Haydn, Joseph (17321809)

Haydn, Joseph, German composer, born at Rohrau, in Austria, of poor parents; early evinced a musical talent, and became at the age of eight a cathedral chorister; came into notice first as a street musician; soon became a popular music-master in Vienna, and, under the patronage of the Esterhazys, kapellmeister to Prince Nicolaus, a passionate lover of music; he produced operas, symphonies, and oratorios, &c.; he is at his best in quartettes and symphonies, and in “The Creation” and “The Seasons”; he was a man of a happy disposition, and his character appears in his music; he was known at length as Father Haydn (17321809).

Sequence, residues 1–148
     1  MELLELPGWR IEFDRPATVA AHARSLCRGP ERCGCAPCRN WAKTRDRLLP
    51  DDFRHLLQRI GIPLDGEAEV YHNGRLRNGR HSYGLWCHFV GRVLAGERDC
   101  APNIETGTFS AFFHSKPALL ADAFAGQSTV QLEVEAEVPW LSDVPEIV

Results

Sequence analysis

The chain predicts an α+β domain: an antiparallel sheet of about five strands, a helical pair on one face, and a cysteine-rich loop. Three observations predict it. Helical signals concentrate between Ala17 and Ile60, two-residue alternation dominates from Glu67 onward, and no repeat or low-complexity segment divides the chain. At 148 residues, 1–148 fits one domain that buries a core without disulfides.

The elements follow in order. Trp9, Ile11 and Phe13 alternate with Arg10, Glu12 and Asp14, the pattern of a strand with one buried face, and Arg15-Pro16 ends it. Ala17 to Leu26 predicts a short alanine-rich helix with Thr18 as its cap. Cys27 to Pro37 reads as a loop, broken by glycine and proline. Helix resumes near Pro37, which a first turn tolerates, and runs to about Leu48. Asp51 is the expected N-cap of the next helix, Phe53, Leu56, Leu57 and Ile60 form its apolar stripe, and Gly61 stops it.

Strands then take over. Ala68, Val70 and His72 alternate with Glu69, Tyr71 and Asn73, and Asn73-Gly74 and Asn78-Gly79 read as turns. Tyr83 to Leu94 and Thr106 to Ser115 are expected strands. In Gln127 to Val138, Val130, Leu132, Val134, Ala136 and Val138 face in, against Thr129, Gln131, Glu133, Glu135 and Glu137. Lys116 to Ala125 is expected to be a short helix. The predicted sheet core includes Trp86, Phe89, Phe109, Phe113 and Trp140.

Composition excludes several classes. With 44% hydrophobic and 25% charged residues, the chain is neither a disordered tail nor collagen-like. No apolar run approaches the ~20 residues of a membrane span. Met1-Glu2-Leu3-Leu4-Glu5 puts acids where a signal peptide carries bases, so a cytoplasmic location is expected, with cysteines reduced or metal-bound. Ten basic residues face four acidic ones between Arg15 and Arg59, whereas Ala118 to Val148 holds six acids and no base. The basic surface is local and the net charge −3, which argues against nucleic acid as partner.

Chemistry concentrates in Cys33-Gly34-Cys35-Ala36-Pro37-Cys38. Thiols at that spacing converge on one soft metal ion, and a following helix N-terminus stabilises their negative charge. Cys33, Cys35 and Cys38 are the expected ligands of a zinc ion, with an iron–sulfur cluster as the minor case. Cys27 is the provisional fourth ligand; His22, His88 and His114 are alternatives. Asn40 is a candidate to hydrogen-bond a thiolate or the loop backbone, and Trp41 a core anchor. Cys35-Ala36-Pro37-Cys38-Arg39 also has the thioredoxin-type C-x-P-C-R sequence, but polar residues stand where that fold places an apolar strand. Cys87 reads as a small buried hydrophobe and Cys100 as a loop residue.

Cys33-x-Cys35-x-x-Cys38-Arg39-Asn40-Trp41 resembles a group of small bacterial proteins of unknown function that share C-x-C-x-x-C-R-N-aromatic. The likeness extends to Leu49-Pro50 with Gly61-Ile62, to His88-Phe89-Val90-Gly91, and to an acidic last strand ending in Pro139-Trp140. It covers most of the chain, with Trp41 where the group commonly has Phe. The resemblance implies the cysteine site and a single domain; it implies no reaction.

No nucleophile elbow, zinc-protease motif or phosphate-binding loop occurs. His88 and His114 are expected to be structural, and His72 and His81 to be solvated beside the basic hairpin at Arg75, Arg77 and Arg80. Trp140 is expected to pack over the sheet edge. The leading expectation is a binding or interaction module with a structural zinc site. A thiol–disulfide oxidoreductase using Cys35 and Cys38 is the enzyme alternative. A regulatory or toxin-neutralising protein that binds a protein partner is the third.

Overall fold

Definition taken from The Nuttall Encyclopædia, edited by the Reverend James Wood (1907)

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